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Old 04-20-2007, 04:47 PM   #1
mjguillo
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Where is PATH originally set


I have a question as to where the PATH variable is originally set. All of the posts I have seen about editing the PATH variable include something like

PATH=$PATH:\newstuff
export PATH
But this just appends \newstuff to to the already existing path variable. It has to be set somewhere originally, but I can't seem to find where.

I am using the bash shell.

Can anybody help me out?
Thanks
mjguillo
 
Old 04-20-2007, 05:14 PM   #2
druuna
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Hi,

This depends a bit on how your distro is set up.

If you don't use pam it's set in this file: /etc/login.defs. The options are ENV_SUPATH and ENV_PATH
If you do use pam it probably in this file: /etc/security/pam_env.conf. The option is PATH

Hope this helps.
 
Old 05-09-2007, 09:45 AM   #3
Oupa
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PATH variable

One of the sytem wide startup files that sets the PATH is /etc/profile.
/etc/bashrc sets aliases.
Oupa.
 
Old 05-09-2007, 09:58 AM   #4
druuna
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Hi,

@Oupa: /etc/profile and/or /etc/bashrc are used to change and or add to the PATH variable. The questions was were it was originally set. This is not done in either of the files you mention. If you remove all PATH settings in all login files (including those that are in your homedir files), you are still presented with a basic PATH setting.

Hope this clears things up.
 
Old 05-10-2007, 12:50 AM   #5
Oupa
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PATH Variable

Hi, it appears that we have still not solved the origin of the PATH. I have checked the /etc/login.defs file and find no reference to PATH. Quoting from the Red Hat Linux Bible:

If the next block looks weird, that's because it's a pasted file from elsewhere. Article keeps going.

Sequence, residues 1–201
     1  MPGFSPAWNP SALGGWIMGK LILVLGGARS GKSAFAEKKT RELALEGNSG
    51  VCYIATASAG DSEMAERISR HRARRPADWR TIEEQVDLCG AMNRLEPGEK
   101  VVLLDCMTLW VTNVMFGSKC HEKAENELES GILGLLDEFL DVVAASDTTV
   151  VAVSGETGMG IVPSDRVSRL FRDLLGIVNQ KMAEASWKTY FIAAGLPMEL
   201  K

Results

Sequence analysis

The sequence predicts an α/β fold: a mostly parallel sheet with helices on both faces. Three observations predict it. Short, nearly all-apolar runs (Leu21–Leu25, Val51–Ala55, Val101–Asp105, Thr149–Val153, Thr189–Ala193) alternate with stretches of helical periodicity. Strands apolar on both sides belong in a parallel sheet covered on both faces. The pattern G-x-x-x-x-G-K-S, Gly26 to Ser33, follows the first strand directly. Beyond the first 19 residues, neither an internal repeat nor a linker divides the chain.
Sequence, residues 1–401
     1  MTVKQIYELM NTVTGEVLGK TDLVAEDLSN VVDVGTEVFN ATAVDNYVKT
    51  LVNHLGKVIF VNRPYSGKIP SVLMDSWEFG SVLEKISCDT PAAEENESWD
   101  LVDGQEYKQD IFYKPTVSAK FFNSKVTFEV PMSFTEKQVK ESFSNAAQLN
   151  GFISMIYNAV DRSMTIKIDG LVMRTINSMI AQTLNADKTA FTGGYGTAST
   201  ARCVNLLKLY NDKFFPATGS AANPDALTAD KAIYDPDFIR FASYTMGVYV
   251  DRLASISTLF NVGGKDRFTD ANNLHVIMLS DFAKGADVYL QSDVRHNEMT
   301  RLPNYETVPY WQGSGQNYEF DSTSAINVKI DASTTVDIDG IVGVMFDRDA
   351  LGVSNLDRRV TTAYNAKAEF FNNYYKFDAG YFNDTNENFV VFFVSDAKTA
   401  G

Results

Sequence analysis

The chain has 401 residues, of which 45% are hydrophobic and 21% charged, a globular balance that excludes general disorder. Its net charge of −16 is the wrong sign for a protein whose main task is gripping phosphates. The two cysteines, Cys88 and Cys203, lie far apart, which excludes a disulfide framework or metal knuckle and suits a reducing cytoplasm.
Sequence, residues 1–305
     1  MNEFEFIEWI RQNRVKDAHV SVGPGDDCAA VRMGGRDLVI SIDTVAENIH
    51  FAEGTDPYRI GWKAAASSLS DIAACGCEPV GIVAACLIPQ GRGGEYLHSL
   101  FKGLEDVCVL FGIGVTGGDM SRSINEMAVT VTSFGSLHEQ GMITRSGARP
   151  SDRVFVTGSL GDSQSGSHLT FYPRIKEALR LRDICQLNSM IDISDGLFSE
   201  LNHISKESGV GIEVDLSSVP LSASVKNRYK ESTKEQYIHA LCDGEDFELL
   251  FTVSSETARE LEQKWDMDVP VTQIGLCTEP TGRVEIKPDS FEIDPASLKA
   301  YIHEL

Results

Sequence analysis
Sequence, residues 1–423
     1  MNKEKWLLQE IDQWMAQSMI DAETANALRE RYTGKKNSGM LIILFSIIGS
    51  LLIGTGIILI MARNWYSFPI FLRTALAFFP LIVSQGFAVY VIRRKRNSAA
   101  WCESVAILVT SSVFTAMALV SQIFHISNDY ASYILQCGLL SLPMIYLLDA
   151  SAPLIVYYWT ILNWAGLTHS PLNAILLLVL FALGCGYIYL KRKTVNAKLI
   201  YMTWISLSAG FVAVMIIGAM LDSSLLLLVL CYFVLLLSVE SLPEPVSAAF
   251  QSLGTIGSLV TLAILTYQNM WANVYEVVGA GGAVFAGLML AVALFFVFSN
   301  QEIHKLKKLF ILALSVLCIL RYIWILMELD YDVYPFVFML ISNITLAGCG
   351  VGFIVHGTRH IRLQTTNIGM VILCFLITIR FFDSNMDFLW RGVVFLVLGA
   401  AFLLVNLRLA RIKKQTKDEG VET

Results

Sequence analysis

----------------------------------------
/etc/profile - This file sets up the user environment information for every user. It is executed when you first log in. This file provides values for your path, as well as setting environment variables for such things as the location of your mailbox and size of history file. Finally, /etc/profile gathers shell settings from configuration files in the /etc/profile.d directory.
----------------------------------------
I find no reference to PATH in the files in /etc/profile.d directory. I therefore assume that the RHL Book is correct and that it is set in /etc/profile, at least until someone proves conclusively that it originates elswhere. Oupa.

Last edited by Oupa; 05-10-2007 at 12:58 AM.
 
Old 05-10-2007, 01:34 AM   #6
druuna
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Hi,

I did mention 2 places, depending on your setup. You seem to have overlooked pam....
 
Old 05-10-2007, 01:45 AM   #7
jschiwal
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You could grep for 'PATH=' in /etc/. Look in /etc/rc.sysinit if you have it.
There may be something in /etc/profile.d/ as well.
 
Old 05-10-2007, 02:13 AM   #8
druuna
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Hi,

Some extra, login.defs related, info:

From login.defs:
Quote:
#
# *REQUIRED* The default PATH settings, for superuser and normal users.